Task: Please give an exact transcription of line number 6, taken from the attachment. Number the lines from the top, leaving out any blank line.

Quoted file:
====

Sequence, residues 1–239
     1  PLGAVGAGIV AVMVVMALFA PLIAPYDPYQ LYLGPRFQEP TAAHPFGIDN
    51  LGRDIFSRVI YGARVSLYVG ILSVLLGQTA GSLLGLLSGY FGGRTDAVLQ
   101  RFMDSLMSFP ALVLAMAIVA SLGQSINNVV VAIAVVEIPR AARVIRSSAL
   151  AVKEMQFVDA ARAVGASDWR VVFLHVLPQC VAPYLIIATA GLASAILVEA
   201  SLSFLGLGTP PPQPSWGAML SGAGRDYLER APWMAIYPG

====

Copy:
   201  SLSFLGLGTP PPQPSWGAML SGAGRDYLER APWMAIYPG